Thursday 22 March 2018

Key Sophie witness unlikely to attend Paris trial

Ralph Riegel

A KEY witness is unlikely to be able to travel to France for any Sophie Toscan du Plantier murder trial.

The witness has agreed to be interviewed by the team of French investigators due to travel to Ireland next month.

The French team will meet people they believe may have information about the brutal killing of the 37-year-old mother of one 15 years ago.

But, alongside two other individuals, the key witness has raised concerns about their ability to attend any subsequent Paris trial.

British freelance journalist Ian Bailey (53) is fighting extradition to France where the authorities want to put him on trial for the killing.

The key witness is understood to have made statements to gardai about whether or not Mr Bailey knew Ms Toscan du Plantier.

Mr Bailey has consistently maintained he never met the French film executive.

The other two witnesses who would have difficulties attending a Paris trial made statements in relation to events on December 22/23, 1996 -- the last days of Ms Toscan du Plantier's life.

A total of 31 witnesses -- most of whom gave evidence at the 2003 Circuit Court libel hearing taken by Mr Bailey against eight Irish and British newspapers -- have now agreed to fully co-operate with the French team.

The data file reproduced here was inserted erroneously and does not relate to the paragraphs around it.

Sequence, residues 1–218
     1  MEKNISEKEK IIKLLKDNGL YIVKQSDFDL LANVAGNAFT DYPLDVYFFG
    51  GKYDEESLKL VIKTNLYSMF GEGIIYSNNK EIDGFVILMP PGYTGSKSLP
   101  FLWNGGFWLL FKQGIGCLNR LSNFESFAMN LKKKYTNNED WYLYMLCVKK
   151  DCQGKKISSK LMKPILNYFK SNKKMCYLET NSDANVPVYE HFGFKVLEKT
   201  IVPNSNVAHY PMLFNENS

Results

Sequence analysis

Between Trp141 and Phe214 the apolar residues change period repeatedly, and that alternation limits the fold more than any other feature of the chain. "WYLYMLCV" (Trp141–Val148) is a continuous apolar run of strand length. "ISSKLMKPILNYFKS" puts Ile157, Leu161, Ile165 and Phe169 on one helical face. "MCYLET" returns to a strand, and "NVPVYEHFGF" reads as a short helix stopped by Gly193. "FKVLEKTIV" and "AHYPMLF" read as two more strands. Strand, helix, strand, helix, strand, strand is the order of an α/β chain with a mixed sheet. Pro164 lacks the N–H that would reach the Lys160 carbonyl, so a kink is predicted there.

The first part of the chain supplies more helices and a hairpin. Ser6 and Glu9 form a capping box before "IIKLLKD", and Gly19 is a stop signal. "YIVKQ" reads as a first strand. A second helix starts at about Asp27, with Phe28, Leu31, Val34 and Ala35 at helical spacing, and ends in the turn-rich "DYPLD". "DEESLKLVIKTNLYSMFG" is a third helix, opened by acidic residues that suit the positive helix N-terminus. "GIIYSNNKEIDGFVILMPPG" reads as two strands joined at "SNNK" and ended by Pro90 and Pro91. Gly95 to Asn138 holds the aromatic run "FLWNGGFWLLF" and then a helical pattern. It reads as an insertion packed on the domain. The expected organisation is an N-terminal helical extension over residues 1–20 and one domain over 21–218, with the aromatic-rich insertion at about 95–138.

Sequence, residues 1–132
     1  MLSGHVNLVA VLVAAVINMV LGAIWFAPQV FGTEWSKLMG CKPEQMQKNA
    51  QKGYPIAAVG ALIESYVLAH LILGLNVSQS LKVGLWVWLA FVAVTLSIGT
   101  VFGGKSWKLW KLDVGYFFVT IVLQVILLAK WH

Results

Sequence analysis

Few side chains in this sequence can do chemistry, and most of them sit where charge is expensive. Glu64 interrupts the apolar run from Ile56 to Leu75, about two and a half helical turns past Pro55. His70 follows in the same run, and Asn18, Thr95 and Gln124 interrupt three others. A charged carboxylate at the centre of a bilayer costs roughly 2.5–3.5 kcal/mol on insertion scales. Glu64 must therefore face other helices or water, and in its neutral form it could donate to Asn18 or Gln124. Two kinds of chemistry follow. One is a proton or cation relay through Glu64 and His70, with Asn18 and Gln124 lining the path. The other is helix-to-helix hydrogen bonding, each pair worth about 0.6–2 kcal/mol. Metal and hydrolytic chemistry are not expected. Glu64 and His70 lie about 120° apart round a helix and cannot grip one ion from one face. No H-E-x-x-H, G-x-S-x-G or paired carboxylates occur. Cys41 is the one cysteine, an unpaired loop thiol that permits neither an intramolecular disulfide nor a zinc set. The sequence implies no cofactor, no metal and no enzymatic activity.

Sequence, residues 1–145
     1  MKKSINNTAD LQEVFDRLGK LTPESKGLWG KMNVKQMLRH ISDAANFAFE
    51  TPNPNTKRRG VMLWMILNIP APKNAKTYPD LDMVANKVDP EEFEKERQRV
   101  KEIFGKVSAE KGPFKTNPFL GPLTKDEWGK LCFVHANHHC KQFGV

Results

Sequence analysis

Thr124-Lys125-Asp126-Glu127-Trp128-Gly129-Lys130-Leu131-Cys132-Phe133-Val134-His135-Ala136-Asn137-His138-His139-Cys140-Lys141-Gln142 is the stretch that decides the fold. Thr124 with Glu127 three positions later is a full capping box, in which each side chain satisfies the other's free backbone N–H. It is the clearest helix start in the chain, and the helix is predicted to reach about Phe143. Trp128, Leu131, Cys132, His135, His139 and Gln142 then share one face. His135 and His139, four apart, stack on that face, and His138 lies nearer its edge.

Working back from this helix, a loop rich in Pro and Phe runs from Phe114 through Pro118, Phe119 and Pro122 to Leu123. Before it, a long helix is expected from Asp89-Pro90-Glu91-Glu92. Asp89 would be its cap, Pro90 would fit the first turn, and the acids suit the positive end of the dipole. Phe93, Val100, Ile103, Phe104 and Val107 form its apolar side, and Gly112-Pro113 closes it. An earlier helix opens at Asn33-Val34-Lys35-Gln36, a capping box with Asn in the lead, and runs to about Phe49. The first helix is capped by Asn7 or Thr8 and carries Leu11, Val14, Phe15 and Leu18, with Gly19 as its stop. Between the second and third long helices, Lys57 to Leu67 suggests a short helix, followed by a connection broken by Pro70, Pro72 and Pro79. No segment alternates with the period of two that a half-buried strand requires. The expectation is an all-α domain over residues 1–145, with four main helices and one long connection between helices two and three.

While the French prosecutors will be able to enter all sworn statements in evidence -- even if the witnesses are not present in court -- that evidence may be open to defence challenges.

Mr Bailey, who has consistently protested his innocence, is awaiting the outcome of his Supreme Court extradition challenge.

Bantry gardai, under Chief Supt Tom Hayes and Detective Inspector Joe Moore, are liaising with the French team -- ordered to Ireland by Paris magistrate Patrick Gachon -- about the interviews and statement reviews which will be taken in September.


The French team will include forensic experts who will be given direct access to evidence in the garda murder file.

One witness who agreed to travel to Paris if required, photographer Michael McSweeney, said he had "absolutely no problem" with the request.

"I was contacted by Bantry gardai about it and I had no difficulty in meeting them (French detectives) if they wanted," he said.

Shirley Foster -- Ms Toscan du Plantier's next-door neighbour and the person who discovered her battered body on December 23, 1996 -- declined to comment at her Toormore, west Cork, home yesterday.

No one has ever been charged in relation to Ms Toscan du Plantier's killing despite one of the biggest murder probes in the history of the State.

Irish Independent

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